The human race may well become extinct before the end of the century. Speaking as a mathematician, I should say the odds are about three to one against survival.

-Bertrand Russell
Bertrand Russell

To abandon the struggle for private happiness, to expel all eagerness of temporary desire, to burn with passion for eternal things-this is emancipation, and this is the free man's worship... United with his fellow men by the strongest of all ties, the tie of a common doom, the free man finds that a new vision is with him always, shedding over every daily task the light of love.

Bertrand Russell
The most valuable things in life are not measured in monetary terms. The really important things are not houses and lands, stocks and bonds, automobiles and real state, but friendships, trust, confidence, empathy, mercy, love and faith.
Bertrand Russell

My own view on religion is that of Lucretius. I regard it as a disease born of fear and as a source of untold misery to the human race.

Bertrand Russell
Government can easily exist without laws, but law cannot exist without government.
Bertrand Russell

It seems to me a fundamental dishonesty, and a fundamental treachery to intellectual integrity to hold a belief because you think it's useful and not because you think it's true.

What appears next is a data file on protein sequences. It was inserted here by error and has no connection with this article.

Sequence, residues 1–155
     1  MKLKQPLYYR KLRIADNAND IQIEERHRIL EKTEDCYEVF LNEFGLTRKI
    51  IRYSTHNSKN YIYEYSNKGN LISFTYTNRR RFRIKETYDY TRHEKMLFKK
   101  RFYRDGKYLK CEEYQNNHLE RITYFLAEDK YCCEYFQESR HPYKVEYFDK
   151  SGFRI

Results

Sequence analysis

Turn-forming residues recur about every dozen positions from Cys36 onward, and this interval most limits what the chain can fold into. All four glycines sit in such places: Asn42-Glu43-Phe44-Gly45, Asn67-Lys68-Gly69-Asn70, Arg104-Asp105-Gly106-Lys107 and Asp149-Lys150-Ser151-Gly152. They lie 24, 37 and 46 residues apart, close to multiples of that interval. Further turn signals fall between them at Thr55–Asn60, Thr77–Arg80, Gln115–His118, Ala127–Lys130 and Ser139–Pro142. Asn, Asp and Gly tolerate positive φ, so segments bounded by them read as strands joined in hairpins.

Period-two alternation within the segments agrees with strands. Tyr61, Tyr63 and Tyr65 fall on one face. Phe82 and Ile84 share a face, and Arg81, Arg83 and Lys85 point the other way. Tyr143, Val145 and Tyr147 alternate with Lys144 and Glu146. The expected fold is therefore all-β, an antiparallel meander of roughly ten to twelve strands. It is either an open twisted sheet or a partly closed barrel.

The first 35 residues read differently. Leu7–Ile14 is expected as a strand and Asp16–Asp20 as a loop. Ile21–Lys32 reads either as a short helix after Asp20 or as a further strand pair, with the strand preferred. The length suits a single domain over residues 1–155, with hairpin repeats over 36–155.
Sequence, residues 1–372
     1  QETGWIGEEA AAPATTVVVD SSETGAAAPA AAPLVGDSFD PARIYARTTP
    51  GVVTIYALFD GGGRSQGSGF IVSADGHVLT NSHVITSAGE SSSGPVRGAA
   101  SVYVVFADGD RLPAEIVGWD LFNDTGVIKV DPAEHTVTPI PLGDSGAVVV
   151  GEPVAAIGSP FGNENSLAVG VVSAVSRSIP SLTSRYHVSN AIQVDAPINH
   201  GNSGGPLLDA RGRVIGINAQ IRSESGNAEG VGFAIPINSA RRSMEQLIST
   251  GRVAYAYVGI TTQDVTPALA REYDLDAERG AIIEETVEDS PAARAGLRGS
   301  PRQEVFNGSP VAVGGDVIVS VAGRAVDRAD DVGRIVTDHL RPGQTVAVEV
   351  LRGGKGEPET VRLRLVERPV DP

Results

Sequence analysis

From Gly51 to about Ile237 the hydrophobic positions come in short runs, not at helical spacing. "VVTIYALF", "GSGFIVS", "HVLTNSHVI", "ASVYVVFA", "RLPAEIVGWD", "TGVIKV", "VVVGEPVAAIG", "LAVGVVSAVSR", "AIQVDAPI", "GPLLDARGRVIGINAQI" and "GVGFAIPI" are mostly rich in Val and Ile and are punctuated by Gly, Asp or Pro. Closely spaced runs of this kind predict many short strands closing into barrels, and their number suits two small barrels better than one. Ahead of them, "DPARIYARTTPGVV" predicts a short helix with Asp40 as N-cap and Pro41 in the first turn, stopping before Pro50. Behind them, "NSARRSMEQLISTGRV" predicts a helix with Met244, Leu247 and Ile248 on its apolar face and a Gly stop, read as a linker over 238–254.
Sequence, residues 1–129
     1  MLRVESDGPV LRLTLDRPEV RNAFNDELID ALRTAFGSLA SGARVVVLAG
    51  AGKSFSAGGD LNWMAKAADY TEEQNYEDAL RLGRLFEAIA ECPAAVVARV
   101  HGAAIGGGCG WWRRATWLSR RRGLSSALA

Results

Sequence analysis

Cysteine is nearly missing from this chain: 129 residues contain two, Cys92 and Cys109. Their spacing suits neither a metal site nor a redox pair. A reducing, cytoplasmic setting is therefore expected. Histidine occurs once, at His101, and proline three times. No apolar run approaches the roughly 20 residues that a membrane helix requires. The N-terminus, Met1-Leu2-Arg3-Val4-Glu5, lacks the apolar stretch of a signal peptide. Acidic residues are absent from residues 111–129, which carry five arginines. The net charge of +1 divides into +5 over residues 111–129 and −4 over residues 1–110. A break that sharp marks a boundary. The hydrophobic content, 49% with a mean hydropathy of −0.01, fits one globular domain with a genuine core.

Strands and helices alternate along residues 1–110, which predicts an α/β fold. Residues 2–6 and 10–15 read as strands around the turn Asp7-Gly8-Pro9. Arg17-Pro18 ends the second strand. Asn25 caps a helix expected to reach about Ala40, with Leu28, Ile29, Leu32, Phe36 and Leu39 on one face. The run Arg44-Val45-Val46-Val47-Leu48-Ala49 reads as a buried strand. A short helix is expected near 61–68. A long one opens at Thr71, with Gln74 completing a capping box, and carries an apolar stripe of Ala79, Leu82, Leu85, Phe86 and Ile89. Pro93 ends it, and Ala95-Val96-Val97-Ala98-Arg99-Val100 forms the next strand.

Bertrand Russell
Religions that teach brotherly love have been used as an excuse for persecution, and our profoundest scientific insight is made into a means of mass destruction.
Bertrand Russell

Sin is geographical. Bertrand Russel

Bertrand Russell
Three passions, simple but overwhelmingly strong, have governed my life: the longing for love, the search for knowledge, and unbearable pity for the suffering of mankind.
Bertrand Russell

The State is a collection of officials, different for difference purposes, drawing comfortable incomes so long as the status quo is preserved. The only alteration they are likely to desire in the status quo is an increase of bureaucracy and the power of bureaucrats.

Bertrand Russell
History is valuable, to begin with, because it is true; and this, though not the whole of its value, is the foundation and condition of all the rest. That all knowledge, as such, is in some degree good, would appear to be at least probable; and the knowledge of every historical fact possesses this element of goodness, even if it posses no other.